Four of Japan’s largest contractors have filed record profits for the year ending in March thanks to a boom in building and infrastructure projects, mainly in the Tokyo area.
Obayashi, Kajima, Taisei and Shimizu made a combined total of $5bn in operating profit, beating expectations by 50%, the Nikkei Asian Review reports.
The companies’ performance is based on an upsurge in building in the Tokyo Bay area as authorities use the 2020 Olympics to develop areas on the outskirts of the city and to build out a number of reclaimed islands.
Profits had been expected to be restrained by the industry’s tightening labour market but companies claim to have improved their techniques to reduce their dependence on site workers.
Shozo Harada, vice president of Obayashi, told reporters at his company’s results presentation: "New construction techniques have caught on, and we still have more than enough manpower for formwork and reinforcement tasks, for example."
The company also has long-term price agreements with many of its key subcontractors, reducing its exposure to fluctuations in the labour costs.
However, rising wage bills are expected to squeeze profits in the coming year as the Olympic workload increases. Kajima, Taisei and Shimizu have even projected declines in operating profit. Kajima expects its profit margin on building construction to narrow three percentage points to 10%, due largely to rising labour costs, Nikkei reports.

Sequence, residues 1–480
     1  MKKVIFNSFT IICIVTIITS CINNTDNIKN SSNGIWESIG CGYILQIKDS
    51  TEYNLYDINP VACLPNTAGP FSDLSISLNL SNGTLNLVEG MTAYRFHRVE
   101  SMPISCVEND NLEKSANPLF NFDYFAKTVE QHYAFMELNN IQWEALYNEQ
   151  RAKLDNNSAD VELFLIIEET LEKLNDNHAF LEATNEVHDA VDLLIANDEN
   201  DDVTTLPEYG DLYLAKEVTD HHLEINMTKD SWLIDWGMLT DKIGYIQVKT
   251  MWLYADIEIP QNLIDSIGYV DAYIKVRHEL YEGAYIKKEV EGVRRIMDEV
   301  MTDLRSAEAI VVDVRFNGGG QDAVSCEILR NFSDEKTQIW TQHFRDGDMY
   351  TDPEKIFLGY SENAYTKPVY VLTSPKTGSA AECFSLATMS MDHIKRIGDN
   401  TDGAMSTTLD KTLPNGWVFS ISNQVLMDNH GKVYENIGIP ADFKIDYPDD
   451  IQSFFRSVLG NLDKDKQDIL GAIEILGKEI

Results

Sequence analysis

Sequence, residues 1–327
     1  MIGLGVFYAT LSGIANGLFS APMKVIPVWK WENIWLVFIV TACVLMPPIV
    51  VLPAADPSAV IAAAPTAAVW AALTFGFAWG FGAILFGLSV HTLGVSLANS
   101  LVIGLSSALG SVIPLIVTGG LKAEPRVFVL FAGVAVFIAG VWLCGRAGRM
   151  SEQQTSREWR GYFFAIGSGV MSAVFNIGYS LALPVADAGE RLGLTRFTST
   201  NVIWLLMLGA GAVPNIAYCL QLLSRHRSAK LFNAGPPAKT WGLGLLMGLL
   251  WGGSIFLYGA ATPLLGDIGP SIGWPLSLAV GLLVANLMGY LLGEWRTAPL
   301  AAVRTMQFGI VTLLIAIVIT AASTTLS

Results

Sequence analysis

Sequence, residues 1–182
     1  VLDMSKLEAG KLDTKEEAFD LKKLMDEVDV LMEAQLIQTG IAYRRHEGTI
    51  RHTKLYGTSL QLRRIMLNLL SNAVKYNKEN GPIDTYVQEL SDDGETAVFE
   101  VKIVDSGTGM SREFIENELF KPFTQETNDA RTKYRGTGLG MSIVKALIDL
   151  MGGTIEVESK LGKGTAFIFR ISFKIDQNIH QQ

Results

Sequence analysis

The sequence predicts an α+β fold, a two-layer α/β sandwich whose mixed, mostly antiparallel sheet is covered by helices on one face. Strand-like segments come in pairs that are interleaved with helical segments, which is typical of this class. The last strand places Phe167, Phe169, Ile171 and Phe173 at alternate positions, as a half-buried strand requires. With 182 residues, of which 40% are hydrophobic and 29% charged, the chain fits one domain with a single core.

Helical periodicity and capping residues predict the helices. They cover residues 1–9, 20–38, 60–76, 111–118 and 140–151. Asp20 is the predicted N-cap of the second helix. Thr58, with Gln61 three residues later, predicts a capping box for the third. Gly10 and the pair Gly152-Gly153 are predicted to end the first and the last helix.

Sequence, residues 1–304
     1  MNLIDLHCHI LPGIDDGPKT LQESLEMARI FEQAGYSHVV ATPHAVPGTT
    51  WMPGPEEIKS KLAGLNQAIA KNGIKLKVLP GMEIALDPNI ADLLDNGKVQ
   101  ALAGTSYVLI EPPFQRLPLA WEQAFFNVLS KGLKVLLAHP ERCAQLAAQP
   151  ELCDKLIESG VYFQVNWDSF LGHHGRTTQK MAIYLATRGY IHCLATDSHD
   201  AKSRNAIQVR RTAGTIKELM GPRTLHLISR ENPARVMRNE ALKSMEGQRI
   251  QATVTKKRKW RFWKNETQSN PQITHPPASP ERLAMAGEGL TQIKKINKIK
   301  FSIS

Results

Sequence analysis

The exception is Obayashi, which is predicting a slight growth in net profit to $850m.
Some commentators in Japan suspect the companies of talking up their labour costs to justify rises in the price they charge clients, and see the record profits as proof of this.
Materials companies have also benefited from higher domestic demand. Steelmaker JFE announced that it would increase output by 3% to 29 million tonnes after its profit climbed a third to $762m.
Image: Tokyo Bay’s Rainbow Bridge may be rebuilt to accommodate larger ships (Javachan)